created at December 5, 2022

Conductor Heating

Consider having a piece of conductor (wire) with length l and diameter d. It has no isolation and is stretched between two fixed points. Air is flowing around. After we apply a voltage to the conductor, current I = U/R starts flowing, and the conductor starts heating. It continues to heat until reaches some stable temperature. The question is, what will be the temperature in the end?

The wire like that could be used to cut a foam plastic for example.

The active power is produced inside the wire:

P=RI2P = R\cdot I^2

Also, the part of that energy contributes the heating (increasing wire temperature T), another part dissipates into environment. Just after plugging the voltage, the wire temperature is the same as environment temperature T0. In the first seconds a lot of energy is wasted to heat the wire, wire temperature increases. The greater wire temperature is, the larger amount of heat is leaking outside through the wire surface. After some time occurrs the state, when the constant temperature is established and all produced power dissipates into environment.

Let's write the energy balance of the process. In the short amount of time the heat energy is applied to the wire:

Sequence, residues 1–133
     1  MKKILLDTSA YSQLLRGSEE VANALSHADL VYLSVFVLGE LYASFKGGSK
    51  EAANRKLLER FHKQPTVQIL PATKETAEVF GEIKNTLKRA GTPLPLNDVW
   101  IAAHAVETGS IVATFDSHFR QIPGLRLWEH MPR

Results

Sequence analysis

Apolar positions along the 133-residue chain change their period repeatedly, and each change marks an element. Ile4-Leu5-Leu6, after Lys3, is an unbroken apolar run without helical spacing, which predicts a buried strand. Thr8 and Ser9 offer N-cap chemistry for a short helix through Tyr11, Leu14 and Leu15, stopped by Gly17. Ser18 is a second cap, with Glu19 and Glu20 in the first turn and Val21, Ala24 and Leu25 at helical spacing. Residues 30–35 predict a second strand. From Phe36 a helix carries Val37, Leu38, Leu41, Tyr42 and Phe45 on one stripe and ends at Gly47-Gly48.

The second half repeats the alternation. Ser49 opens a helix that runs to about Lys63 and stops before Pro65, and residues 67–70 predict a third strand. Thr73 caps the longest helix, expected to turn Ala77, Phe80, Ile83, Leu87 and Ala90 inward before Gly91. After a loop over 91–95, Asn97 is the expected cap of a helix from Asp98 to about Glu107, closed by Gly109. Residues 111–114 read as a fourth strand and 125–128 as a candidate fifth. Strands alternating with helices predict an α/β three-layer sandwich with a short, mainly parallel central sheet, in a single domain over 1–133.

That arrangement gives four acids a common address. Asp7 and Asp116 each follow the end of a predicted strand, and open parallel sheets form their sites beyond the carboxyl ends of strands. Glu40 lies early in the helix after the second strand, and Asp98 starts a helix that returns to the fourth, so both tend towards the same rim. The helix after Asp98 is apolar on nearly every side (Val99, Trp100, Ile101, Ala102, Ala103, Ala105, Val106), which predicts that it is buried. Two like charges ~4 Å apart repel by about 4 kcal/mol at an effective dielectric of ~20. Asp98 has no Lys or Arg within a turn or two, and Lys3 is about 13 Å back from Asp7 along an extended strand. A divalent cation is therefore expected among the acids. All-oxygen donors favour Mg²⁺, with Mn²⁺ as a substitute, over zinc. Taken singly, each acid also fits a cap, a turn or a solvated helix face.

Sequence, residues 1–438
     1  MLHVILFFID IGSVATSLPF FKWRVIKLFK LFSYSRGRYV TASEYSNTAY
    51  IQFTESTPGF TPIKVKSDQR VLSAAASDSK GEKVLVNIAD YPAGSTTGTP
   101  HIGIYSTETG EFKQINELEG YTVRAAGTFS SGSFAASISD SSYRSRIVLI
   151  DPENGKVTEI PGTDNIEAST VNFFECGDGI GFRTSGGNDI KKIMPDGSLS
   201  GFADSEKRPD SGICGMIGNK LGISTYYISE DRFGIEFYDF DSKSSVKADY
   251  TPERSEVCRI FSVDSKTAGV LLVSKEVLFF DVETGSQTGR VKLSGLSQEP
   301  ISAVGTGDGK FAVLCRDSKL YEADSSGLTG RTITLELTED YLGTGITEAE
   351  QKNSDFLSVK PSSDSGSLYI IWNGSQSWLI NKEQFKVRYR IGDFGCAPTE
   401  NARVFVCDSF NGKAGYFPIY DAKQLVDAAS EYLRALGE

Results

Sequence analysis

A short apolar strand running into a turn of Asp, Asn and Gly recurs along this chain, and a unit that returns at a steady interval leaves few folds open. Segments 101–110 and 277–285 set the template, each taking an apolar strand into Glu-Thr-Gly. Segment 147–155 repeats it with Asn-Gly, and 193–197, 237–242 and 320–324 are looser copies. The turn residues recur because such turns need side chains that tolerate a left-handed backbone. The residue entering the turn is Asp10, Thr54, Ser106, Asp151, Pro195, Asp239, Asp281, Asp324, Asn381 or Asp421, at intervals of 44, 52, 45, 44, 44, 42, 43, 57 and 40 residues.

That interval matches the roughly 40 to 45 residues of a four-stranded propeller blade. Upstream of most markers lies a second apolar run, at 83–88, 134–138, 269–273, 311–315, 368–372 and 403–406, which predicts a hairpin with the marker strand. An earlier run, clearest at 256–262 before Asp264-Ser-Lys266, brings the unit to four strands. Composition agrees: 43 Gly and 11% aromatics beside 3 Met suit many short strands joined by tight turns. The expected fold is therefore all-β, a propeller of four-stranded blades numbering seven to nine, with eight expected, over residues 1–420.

dQ=PdtdQ = P\cdot dt

which is then used to heat the wire inside:

dQ1=cmdTdQ_1 = c\cdot m\cdot dT

and partially dissipates into environment:

dQ2=αA(TT0)dQ_2 = \alpha \cdot A \cdot \left ( T - T_0 \right )

Here m - wire mass [kg], c - specific heat capacity [J/(kg·K)], dT - elementary wire temperature growth, A - wire outer surface [m2], α - heat transfer coefficient [W/(m2·K)], T0 - environment temperature.

While most of these parameters are easy to find for your case, the heat transfer coefficient requires special attention. The heat transfer coefficient describes heat transfer intensity between the wire metallic surface and the environment matter (air, water or whatever). It depends on surface material, surface quality, environment etc.

For that study case I was interested in using nichrome wire, which is surrounded by air having room temperature and zero velocity. I've found a value α = 46 W/(m2·K).

In the end the energy balance is following:

Pdt=cmdT+αA(TT0)dtP\cdot dt = c\cdot m\cdot dT + \alpha \cdot A \cdot \left ( T - T_0 \right )\cdot dt

After dividing by dt we see the linear first order differential equation, where the wire temperature T is a desired function of time. Solving that equation will give us the process of heating the wire. To solve it numerically, leave the T derivative alone on the left side:

dTdt=PαA(TT0)cm\frac{dT}{dt} = \frac{P - \alpha\cdot A\cdot \left (T - T_0 \right )}{c\cdot m}

Then use Dysolve app to solve the case. For nichrome wire having length 1 m, diameter 0.4 mm, and 12V voltage applied, the heating process looks like this:

Here the heating starts from the room's temperature and ends in approximately 40 seconds, reaching the constant temperature around 300°C.